Chefs preparing dishes in the open kitchen at the 80-20 restaurant in Bangkok

Trips of a lifetime: a gourmand’s tour of south-east Asia


It’s no secret east Asia is a foodie’s paradise – and this whirlwind tour packs everything in, from street eats to fine dining

Blessed with a bounty of spices and carefully preserved culinary traditions, southeast Asia is a foodie’s delight. That’s not to say the region is anchored in the past: these days, plastic kerbside stools sit alongside hipster cafés and glamorous dining rooms.

There’s something here for every palate and wallet, from flavour-packed street food to show-stopping Michelin-star feasts. Plan an extended break to meander through this fascinating landscape: our gourmet getaway plots a path packed with fiery salads, coconut-laced curries and expertly-grilled satays.

Street food and tasting menus in Bangkok

Start your culinary journey in Bangkok, a city famed for its glutton’s appetite and round-the-clock grazing. Some of the capital’s best meals can be found in its buzzing streets and food courts. Or Tor Kor Market peddles high-end produce, home-style lunches and spice pastes to take home: try crunchy papaya salads, cooling shaved ices and – if you’re feeling adventurous – a taste of pungent, custard-like durian.

At Mandarin Oriental, Bangkok, the Authors’ Lounge is a genteel spot to recover from sensorial overload: curl up in a wicker armchair, and nibble on delicate pandan cakes and lychee pavlovas while you plan after-dusk excursions.

For an immersive experience, head to Yaowarat Road in Chinatown, where stall owners rustle up stir-fried crab, plump dumplings and wok-tossed pad thai. Michelin starred-80/20 expertly pairs locally sourced produce with French techniques – expect smoked river fish, fermented duck sausage and more in its signature tasting menu.

Fusion fare in Kuala Lumpur

The railway from Bangkok to Malaysia may have its share of romantic appeal, but a short flight is still the most convenient way to Kuala Lumpur – leaving you time to sample the country’s eclectic cuisine, from earthy Malay rendangs to tangy, aromatic Peranakan dishes.

Effortlessly stylish Cho Cha Foodstore riffs on this heady fusion, with dishes like lemongrass-smoked chicken or banana-blossom tempura. Mandarin Oriental, Kuala Lumpur’s Lai Po Heen takes a more purist approach, with elevated Cantonese cuisine served in an opulent dining room.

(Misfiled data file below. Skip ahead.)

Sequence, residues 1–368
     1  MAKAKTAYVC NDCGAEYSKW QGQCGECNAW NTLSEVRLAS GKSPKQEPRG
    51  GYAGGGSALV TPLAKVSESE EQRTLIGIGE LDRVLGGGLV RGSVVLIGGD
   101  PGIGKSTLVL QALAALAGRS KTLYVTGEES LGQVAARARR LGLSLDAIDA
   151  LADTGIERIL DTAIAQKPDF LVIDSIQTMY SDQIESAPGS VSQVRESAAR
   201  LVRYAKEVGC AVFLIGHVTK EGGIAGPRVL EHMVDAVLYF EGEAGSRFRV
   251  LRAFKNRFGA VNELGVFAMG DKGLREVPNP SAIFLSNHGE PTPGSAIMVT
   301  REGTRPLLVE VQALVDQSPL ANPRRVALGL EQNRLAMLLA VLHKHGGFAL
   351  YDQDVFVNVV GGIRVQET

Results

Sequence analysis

At Dewakan, chef Darren Teoh gives a starring role to Malaysian produce; book ahead for elaborate, occasionally challenging tasting menus. For the best street-food experience, take a day trip to Melaka to make the most of Malaysia’s breezy highways. A two-hour drive away, the -protected heritage city has bags of charm and a thriving food scene to match. Don’t leave without a taste of its celebrated chicken rice balls – the only item on the menu at Kedai Kopi Chung Wah coffee shop.

Satay, sushi and stingray in Singapore

Safely satiated in KL, check in for the next leg of your journey to Singapore. The island nation has made eating its quasi-official pastime, and there’s no better place to sample its dizzying range of dishes than a hawker centre. Historic, atmospheric Lau Pa Sat is known for its chargrilled, moreish satay. Order smoky pork lechon, sambal stingray and chilli crab at Makansutra Gluttons Bay, an open-air food court just a stone’s throw from Mandarin Oriental, Singapore. Stop by BAY@5 for alfresco cocktails with glittering skyline views, or sample one of the award-winning concoctions at MO Bar, vote one of Asia’s best bars. There’s no shortage of stellar Japanese chefs in the Little Red Dot; on Scotts Road, elegant Ki-Sho offers seasonal omakase menus and sake pairings in a charming house. If you’d like to pull out all the stops, chef Julien Royer’s Odette is unashamedly upscale: think floor-length linen, velvet armchairs and a fresh, sculptural take on modern French cuisine.

Fine-dining and roadside treats in Jakarta

If you’re catching an early-morning flight grab a breakfast of kaya (coconut jam) toast and soft-boiled eggs at Changi Airport. Just two hours away, vibrant, urbanite Jakarta brings together Indonesia’s diverse cultures and food scenes.

Get your bearings at Plataran Dharmawangsa, a traditional wooden Joglo house turned fine-dining destination. Try the signature pomelo salad, or dedeng batokok, a beef jerky inspired by tribal Sumatran recipes. For the best satay, make a beeline for Jalan Jaksa and Jalan Sabang, just south of Merdeka Square, where you’ll also find peanut-laced gado-gado salad, stuffed martabak pancakes and bakso meatball soup. Toast the end of your epicurean adventure at Lyon, Mandarin Oriental, Jakarta’s sophisticated French restaurant – something chilled and bubbly from the impressive wine cellar will do very well indeed.